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Resources Relatated to Land Access/Distribution

There are 16 results in total.

Dec 8 2016
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Advocating for the protection, conservation and restoration of Indigenous food, land and bio-cultural heritage policies, planning and governance proposals in federal election.

Dawn Morrison
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Sep 16 2014
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You are invited to share your experiences, thoughts and stories around climate change adaptation. Please visit our web page to register to participate on the Enowkin Indigenous Knowledge Base Webportal. The webportal is a site for Indigenous peoples across North America to share their climate change adaptation experiences and further adaptation education. Participate in blogs, forums and add content to the calendar.

Dawn Morrison
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Mar 6 2014
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Published on Feb 11, 2014

Decolonizing the Mind: Healing Through Neurodecolonization and Mindfulness -

Author, educator, medical social worker and citizen of the Arikara (Sahnish) and Hidatsa Nations in North Dakota, Michael Yellow Bird, MSW, Ph.D. works with indigenous communities, teaching about healing the trauma of colonialism. On January 24, 2014 he spoke about his experiences at Portland State University in Portland, Oregon, sharing his ideas about how to do go about doing this through techniques of mindfulness, thought and behavior which he refers to as neurodecolonization.

Dawn Morrison
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Dec 11 2013
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Aldo Leopold’s land ethic is often compared to the ethics of many North AmericanIndigenous communities, like Tribes and First Nations. At the heart of Leopold’s land ethic arethe ideas that humans should consider themselves as “plain citizens” of the biotic community and that “a thing is right when it tends to preserve the integrity, stability and beauty of the bioticcommunity.”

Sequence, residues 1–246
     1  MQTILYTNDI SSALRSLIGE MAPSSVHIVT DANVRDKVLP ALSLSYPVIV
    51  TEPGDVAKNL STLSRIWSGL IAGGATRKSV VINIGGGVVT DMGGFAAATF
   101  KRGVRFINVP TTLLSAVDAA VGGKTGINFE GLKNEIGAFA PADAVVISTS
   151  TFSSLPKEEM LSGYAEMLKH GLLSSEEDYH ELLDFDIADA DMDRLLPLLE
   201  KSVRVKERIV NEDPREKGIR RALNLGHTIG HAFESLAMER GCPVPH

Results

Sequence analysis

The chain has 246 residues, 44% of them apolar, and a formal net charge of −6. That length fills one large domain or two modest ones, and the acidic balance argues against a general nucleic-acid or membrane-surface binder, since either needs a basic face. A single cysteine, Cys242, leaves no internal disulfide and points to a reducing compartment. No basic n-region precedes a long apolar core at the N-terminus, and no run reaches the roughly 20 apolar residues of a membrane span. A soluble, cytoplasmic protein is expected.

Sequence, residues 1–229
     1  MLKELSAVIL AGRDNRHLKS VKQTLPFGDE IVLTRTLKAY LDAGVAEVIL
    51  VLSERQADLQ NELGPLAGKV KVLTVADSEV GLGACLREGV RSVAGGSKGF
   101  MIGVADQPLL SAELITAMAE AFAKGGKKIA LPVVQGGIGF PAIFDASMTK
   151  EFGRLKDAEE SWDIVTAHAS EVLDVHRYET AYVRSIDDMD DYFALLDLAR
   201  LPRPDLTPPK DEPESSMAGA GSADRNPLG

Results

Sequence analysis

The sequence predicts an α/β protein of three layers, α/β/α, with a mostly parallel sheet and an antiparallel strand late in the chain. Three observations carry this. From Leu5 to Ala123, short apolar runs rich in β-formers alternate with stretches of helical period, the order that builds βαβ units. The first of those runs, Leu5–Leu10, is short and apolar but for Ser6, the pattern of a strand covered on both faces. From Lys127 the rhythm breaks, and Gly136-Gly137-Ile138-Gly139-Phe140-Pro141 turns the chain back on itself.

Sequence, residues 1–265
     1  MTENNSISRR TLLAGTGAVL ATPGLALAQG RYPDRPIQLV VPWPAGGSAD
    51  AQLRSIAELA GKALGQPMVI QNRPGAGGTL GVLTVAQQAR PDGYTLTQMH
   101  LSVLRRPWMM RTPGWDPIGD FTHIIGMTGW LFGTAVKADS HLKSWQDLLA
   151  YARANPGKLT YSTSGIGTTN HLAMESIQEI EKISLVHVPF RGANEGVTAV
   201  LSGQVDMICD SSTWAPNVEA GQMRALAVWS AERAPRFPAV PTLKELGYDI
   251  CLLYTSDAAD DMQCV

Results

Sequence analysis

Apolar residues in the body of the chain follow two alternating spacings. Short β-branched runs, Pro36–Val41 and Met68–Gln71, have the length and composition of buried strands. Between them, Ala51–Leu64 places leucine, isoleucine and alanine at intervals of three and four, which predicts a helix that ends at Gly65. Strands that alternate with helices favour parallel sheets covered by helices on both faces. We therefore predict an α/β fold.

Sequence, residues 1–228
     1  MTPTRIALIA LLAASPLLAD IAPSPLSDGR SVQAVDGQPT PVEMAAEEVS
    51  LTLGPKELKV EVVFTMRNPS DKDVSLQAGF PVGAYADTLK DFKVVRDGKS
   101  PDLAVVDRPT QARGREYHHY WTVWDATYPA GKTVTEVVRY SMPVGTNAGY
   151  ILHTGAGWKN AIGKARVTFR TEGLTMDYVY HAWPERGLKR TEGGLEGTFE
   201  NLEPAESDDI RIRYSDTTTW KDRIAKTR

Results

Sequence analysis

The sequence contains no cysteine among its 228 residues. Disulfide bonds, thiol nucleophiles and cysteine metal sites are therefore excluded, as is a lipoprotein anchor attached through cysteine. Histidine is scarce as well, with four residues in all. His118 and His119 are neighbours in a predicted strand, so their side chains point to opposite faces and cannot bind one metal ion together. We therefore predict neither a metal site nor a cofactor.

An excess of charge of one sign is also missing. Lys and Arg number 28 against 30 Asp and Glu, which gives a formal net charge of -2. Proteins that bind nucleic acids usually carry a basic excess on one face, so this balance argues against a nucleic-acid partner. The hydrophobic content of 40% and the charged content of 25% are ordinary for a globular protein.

i

Dawn Morrison
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Oct 16 2013
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The Haida recognize that nature and culture are intrinsically connected, and that the protection of the natural and cultural values on Haida Gwaii is essential to sustaining their culture. The Haida have always had Guardian Watchmen who protected the land and sea from harm. Guardians and Watchmen now work in fisheries, forestry, heritage and parks programs to support the Council of Haida Nations’ priority to protect the Aboriginal rights and title of Haida people.

Dawn Morrison
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May 3 2012
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Wild rice is a traditional food that has virtually disappeared from the diets of Ontarian First Nations peoples and the waterways where it once flourished in the "rice bowl" of Turtle Island.

mdcnunes
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Jan 5 2012
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Canada’s state and corporate wealth is largely based on subsidies gained from the theft of Indigenous lands and resources. Conquest in Canada was designed to ensure forced displacement of Indigenous peoples from their territories, the destruction of autonomy and self-determination in Indigenous self-governance and the assimilation of Indigenous peoples’ cultures and traditions.

Dawn Morrison
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Aug 26 2011
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Our program to advocate for indigenous peoples affected by multilateral development banks is a cornerstone of the work at the Indian Law Resource Center. This project began in the late 1970s when the Center represented the Yanomami people of Brazil. The Yanomami lived a peaceful and self-sufficient life, with no ties to the global economy, until Brazil received money from the World Bank to build a road through their territory. The road unleashed chaos within the Yanomami communities. Road workers brought malaria and many Yanomami died because they had no resistance to the disease.

Dawn Morrison
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Apr 13 2010
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In the film Our Land, My People, the Lubicon people tell the story of their 30 year struggle for justice. It's a story of environmental destruction and shocking discrimination. It's also a story of determination and hope.

mlward
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Mar 18 2010
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An amazing lecture by Maude Barlow on the Global Water Crisis.

Maude Barlow is the National Chairperson of the Council of Canadians and chairs the board of Washington-based Food and Water Watch. She also served as Senior Advisor on Water to the 63rd President of the United Nations General Assembly.

mlward
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